US-Led Anti-IS Coalition Falling Short: Canada PM

US-Led Anti-IS Coalition Falling Short: Canada PMUS-Led Anti-IS Coalition Falling Short: Canada PM

Canada’s Prime Minister Stephen Harper said on Monday the US-led coalition’s campaign against Islamic State militant group was not doing as well as had been hoped in Syria and parts of Iraq.

“The intervention has had the effect of largely stopping the advance of IS, particularly in the north of Iraq and to some degree in other parts of Iraq and Syria, not maybe as much as we’d liked,” Harper told reporters during an event on Canada’s election campaign, Reuters reported.

Harper said Canada, one of the nations helping Iraq to fight the extremist group, would need “a long and sustained strategy” with its international partners against IS, which controls large parts of northern and western Iraq.

“To protect our country, we are going to have to have a long and sustained strategy and work with our international partners and that is what we are doing,” Harper said, accusing his political rivals of being too soft in the fight against terror.

Polls show Harper’s ruling Conservatives Party is trailing the left-leaning New Democrats, who have promised to withdraw Canada’s forces from the coalition.

Around 70 Canadian special forces troops are working with Kurdish peshmerga fighters in northern Iraq. Six Canadian fighter bombers are also attacking Islamic State positions in Iraq and Syria.

 IS Closing in on Damascus

The Islamic State group fought Syrian rebel forces in a Damascus neighborhood on Monday, bringing the militants closer than ever to the center of the capital, a monitoring group said.

The militants fought street battles against rebels in Asali, part of the capital’s southern Qadam district, after seizing two streets in the neighborhood over the weekend, the Syrian Observatory for Human Rights said.

Most of the clashes took place between IS and the Islamic Union of Ajnad Al-Sham, a coalition of rebel groups based in Damascus, though IS also clashed with Jaish Al-Islam in the Al-Hajar Al-Aswad neighborhood.

Abdurahman Harkoush, a Syrian journalist close to rebel sources, said the IS was in control of Asali district and that fighting was ongoing.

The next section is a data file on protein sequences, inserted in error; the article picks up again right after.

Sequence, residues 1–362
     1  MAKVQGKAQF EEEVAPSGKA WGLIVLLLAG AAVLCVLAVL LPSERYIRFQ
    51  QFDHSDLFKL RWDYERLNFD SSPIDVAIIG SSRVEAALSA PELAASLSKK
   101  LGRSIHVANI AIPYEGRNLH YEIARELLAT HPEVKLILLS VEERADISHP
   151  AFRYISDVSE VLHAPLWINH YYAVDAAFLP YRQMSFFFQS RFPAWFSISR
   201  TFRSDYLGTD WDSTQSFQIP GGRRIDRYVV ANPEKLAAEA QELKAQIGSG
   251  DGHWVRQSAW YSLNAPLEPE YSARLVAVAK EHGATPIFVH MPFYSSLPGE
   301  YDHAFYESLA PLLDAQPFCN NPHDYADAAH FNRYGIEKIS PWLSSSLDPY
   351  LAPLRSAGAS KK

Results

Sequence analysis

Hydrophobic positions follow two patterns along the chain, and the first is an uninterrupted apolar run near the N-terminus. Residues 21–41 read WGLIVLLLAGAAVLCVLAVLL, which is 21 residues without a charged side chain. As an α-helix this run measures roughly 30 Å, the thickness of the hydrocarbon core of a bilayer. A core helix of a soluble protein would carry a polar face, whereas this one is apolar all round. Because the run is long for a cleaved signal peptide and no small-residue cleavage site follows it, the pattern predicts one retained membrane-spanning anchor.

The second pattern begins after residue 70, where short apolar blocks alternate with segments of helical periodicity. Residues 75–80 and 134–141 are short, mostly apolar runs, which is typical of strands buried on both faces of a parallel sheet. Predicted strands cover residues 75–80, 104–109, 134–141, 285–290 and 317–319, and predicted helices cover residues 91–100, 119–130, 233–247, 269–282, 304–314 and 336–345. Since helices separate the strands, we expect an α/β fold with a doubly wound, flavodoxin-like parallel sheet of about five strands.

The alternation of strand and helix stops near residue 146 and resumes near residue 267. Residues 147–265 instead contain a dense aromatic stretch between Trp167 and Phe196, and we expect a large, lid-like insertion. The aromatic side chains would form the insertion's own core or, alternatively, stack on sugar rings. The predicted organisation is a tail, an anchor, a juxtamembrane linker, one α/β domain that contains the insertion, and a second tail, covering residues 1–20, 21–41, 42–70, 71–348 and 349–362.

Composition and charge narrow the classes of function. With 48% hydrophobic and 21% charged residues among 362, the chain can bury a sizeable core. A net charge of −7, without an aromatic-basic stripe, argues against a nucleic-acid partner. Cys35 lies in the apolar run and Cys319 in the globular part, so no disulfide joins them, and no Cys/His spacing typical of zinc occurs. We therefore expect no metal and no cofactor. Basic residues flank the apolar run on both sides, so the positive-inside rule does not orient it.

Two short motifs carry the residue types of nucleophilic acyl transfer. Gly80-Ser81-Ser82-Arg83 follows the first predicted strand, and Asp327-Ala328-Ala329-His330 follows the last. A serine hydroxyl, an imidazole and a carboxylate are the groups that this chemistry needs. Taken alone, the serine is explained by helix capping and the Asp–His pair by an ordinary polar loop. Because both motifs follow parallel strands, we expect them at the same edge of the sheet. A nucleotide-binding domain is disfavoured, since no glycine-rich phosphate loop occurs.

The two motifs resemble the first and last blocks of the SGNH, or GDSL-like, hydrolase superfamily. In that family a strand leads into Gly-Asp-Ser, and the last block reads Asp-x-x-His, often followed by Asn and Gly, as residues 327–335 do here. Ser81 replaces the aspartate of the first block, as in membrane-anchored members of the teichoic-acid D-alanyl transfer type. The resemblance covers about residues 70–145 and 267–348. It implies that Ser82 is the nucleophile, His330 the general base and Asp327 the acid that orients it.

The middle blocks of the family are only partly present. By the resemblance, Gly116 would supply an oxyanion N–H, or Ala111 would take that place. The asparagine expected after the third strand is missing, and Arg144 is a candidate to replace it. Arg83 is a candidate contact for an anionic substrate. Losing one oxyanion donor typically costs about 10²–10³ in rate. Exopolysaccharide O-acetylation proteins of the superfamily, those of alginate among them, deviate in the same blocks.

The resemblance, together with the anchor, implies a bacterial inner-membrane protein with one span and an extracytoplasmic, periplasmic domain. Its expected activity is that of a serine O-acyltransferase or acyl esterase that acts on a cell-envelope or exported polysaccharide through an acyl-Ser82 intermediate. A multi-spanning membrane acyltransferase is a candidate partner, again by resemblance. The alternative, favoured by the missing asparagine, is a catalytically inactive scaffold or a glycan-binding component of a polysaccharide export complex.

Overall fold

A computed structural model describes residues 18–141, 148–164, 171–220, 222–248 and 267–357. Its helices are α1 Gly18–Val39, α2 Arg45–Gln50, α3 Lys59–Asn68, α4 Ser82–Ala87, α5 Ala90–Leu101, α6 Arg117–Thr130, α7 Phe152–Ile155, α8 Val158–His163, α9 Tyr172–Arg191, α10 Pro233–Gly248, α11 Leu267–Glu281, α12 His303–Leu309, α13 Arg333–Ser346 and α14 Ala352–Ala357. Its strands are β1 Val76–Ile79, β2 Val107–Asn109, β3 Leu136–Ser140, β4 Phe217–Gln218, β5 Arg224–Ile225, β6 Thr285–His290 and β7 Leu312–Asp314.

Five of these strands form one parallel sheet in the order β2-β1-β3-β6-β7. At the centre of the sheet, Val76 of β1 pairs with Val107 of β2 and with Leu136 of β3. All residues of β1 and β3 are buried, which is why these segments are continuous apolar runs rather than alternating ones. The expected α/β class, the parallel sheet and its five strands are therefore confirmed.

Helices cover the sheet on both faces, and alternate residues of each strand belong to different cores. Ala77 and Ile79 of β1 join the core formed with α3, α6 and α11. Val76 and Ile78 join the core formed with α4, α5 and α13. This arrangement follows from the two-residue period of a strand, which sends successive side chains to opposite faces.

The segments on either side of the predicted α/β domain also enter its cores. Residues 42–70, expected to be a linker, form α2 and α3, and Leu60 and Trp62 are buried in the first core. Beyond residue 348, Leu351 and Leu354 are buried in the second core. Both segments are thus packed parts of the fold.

“IS presence was restricted to Al-Hajar Al-Aswad district, but it invaded Yarmouk Camp in May and took parts of it … A few days ago it took Asali.

“This is the closest IS has ever been to the heart of Damascus,” observatory head Rami Abdel Rahman said.

A Syrian military official confirmed the clashes and said he was “very happy that they are fighting,” adding that the military is “ready to react if they try to advance into government-held territory.”

Abdel Rahman also said the “fierce street battles” had forced civilians to flee the area.

IS has used Al-Hajar Al-Aswad as a base for attacks on the capital. From there, it tried to seize the Yarmouk Palestinian refugee camp in April, but was pushed back.

That same month, IS kidnapped two opposition fighters from Qadam and beheaded them in Al-Hajar Al-Aswad.

  Russian Jets to Combat IS

Russian fighter jets are reportedly expected to begin arriving in Syria in the coming days and attack IS positions in the war-ravaged country.

In a report in Ynetnews citing western diplomats, a Russian force has already arrived in Syria and set up camp in a government-held airbase. The base is said to be in an area surrounding Damascus and will serve as a Russian forward operating base.

In the next few weeks, thousands of Russian military personnel are set to touch down in Syria, including advisors, instructors, logistics personnel, technical personnel, members of the aerial protection division and the pilots who will operate the aircraft, according to the report.

Past reports have stated that the Russians were in talks to sell the Syrians a package of MiG-29 fighter jets and Yak-130 trainer jets, which can also be served as warplanes.